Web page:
As in other matters, some Sunbelt states have largely escaped the hard times affecting high-school sports elsewhere.
Two notable examples are Florida and Texas.
Cecelia Jackson, field representative of the Florida High School Activities Association, says enrollments at some public schools in the state are dropping. But other schools are adding to, not cutting back, their sports programs.
Even in Florida, however, ''budgets are very, very tight, and administrators are trying to do the best they can with what they have,'' she says. One way school officials stretch their sports budgets: regional competitions, where several schools meet at a central location on the same day for a round of baseball, softball, or volleyball games, cross-country races, golf matches, and the like.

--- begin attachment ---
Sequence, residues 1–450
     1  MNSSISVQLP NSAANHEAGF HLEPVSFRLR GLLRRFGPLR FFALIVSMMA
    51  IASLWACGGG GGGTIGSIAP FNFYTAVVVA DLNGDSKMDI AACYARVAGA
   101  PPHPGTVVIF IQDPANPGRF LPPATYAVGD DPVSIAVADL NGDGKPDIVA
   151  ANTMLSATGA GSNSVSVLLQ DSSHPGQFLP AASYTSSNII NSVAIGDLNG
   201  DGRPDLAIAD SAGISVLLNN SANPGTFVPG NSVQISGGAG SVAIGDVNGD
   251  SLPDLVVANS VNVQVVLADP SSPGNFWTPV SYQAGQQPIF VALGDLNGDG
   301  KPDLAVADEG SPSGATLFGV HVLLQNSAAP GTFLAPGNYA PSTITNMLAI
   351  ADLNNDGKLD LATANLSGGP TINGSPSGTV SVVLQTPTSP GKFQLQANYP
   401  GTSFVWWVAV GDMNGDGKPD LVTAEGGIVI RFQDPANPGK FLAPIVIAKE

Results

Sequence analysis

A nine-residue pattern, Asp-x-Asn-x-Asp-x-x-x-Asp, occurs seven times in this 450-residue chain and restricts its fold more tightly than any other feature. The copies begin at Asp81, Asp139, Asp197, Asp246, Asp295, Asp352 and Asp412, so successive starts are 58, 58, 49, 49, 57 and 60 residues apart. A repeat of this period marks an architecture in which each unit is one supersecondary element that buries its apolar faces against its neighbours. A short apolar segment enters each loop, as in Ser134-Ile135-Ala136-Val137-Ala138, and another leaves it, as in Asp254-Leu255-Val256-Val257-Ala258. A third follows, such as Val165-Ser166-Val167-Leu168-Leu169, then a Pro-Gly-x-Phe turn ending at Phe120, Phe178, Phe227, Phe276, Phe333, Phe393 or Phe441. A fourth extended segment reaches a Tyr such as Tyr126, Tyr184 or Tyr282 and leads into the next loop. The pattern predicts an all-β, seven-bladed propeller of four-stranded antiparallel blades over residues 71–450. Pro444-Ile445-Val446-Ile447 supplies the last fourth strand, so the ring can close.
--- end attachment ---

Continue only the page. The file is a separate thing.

In Texas, ''we're somewhat fortunate in that we have not faced some of the financial aspects that other states have,'' says Bonnie Northcutt, assistant athletic director of the Texas University Interscholastic League. ''Our high-school athletic programs are still quite healthy.''
Many Texas public schools also are adding team sports, such as soccer and tennis, to their programs. Schools have made some concessions to the economy, however, such as cutting back on travel and scheduling fewer games, she adds.